Repairing guitar finish

ash

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403
I tried to age a nitro finished guitar body using compressed air, but ended up having spider web crackles. Is there any way I could repair/fix this and age it properly?
 

swiveltung

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14,483
aren't those "crackles" what aged nitro is? You mean like crazing right? What were you trying to do looks wise...?
 

ash

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403
Right, the crackles are basically what I want - but they turned way too intense/too many, like spider webs, and do not look very natural.
 

AdmiralB

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3,060
Butyl cellosolve and blush eraser will re-melt the lacquer, but you gotta be damned careful with them. And they'll require further touch-up afterward.
 

K-Line

Vendor
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8,908
If you want big, long, Ron Jeremy checking, freezing with some sort of spray is not the way.
The best way is the razor treatment. Total 100% control. Freezing the body for about 5 days in a deep freeze is also a nice alternative to comp air.
 

swiveltung

Member
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14,483
Butyl cellosolve and blush eraser will re-melt the lacquer, but you gotta be damned careful with them. And they'll require further touch-up afterward.
I was going to say this , but frankly... BE CAREFUL... it takes some expertise for sure... :>)
 

ash

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403
Could you describe a little more how the process with Butyl cellosolve and blush eraser would work?
 

AdmiralB

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3,060
Could you describe a little more how the process with Butyl cellosolve and blush eraser would work?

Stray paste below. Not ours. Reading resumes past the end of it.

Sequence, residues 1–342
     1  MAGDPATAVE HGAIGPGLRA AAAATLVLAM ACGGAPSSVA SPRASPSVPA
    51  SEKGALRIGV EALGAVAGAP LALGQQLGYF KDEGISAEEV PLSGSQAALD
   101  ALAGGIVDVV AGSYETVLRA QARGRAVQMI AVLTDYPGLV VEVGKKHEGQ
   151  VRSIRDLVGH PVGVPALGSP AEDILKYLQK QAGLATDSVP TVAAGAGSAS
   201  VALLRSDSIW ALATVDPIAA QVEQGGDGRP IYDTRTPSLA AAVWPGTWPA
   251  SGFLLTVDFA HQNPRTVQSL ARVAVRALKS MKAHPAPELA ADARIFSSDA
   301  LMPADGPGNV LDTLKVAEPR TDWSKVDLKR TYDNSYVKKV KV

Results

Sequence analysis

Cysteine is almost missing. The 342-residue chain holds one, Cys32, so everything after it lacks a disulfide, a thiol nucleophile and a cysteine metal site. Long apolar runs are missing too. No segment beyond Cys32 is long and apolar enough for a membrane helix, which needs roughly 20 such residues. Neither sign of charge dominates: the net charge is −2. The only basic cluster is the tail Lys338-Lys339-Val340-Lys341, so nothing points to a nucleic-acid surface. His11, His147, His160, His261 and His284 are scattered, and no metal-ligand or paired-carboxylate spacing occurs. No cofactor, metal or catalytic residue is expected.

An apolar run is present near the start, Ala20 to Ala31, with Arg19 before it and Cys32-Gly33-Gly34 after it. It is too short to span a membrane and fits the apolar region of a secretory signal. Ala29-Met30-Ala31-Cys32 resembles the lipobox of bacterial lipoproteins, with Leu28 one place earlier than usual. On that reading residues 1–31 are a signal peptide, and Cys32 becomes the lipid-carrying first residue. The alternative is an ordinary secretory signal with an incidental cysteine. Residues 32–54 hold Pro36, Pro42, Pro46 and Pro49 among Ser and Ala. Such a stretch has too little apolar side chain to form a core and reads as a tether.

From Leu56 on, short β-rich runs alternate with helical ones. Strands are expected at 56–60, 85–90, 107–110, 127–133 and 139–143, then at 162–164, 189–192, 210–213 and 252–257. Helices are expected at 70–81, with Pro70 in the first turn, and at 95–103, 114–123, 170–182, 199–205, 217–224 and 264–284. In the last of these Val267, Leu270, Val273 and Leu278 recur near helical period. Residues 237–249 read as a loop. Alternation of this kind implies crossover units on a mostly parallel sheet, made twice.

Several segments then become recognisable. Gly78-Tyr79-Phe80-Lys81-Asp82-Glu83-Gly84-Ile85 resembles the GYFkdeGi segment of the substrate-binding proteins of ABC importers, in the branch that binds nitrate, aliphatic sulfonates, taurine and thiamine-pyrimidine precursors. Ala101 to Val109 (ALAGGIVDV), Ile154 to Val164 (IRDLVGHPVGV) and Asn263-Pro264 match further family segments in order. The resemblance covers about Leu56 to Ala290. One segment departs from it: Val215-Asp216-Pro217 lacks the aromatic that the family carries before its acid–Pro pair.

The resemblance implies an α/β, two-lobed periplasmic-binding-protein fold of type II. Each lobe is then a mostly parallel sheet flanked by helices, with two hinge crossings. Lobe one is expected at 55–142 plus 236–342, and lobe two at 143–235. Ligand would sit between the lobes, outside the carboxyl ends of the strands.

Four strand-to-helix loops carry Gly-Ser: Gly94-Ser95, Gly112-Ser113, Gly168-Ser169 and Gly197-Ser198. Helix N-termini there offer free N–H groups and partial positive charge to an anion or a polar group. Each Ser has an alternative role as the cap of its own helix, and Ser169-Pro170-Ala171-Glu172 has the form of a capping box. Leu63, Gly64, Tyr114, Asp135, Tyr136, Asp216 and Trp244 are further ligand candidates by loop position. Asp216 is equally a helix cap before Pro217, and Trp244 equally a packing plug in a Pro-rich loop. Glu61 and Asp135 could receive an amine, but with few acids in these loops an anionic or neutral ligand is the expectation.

They're both solvents with slow 'flash' times (meaning they evaporate slowly). Blush eraser often comes in spray cans, although you can also buy it bulk - for mixing with paint, to slow curing time; it's purpose primarily is to allow any moisture trapped in the finish to percolate to the surface before the finish cures.

So essentially you'd spray the offending areas with blush eraser, which would 'melt' the lacquer. It'll re-flow, and when it dries the cracks will be gone. It may take several applications, and you'll have some work to do afterward in terms of sanding and polishing.

Butyl cellosolve works the same way but it generally comes only in bulk (AFAIK). I use it when there's a single crack or defect I want to address, I take a pipette and apply it to the area directly. It has a VERY long evaporation time, not very volatile at all, and it's not quite as aggressive in terms of how quickly it dissolves lacquer.

I think blush eraser is what I'd do here, but a little bit goes a LONG way and I'd practice spraying it on scrap first so you get a feel for how it works. And of course, you don't want it on anything you care about, it's an equal-opportunity solvent.
 

swiveltung

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14,483
AdmiralB nailed it. I bought Cellusolve in a smallish container, long ago though. (pint I think) You need to keep the surface flat while the solvent melts the lacquer... or it will run. I used it last year to repair a 70 YO guitar in one area. I just brushed it on quickly. I bought it over 10 years ago I think. There used to be a video of someone remelting the lacquer on a vintage Martin. By using the Cellusolve they kept the decal intact. I thought it was done by Gruhn, but I haven't been able to find that video in years.
http://www.hvchemical.com/butyl-cel...ueNAy2KH6HPDlqCqOoEC1JDY9HHJwE4EsgaAp_c8P8HAQ
 
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ash

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403
I don't seem to be able to order Blush eraser - US dealers will not ship overseas. Does anybody know if Blush eraser can be bought in Europe?
 

AdmiralB

Member
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3,060
I would think finishing (especially woodworking finishing) supply houses should have it. You might contact Touchstone Tonewoods (touchstonetonewoods.co.uk), they're a luthier supply shop in the UK. They show some finishing stuff; not blush eraser, but I'd bet they would have some ideas as to where it might be found.

It's not just used by musical instrument finishers, though - people doing furniture restoration would use it, the first video I saw on its use was from a furniture refinisher.
 




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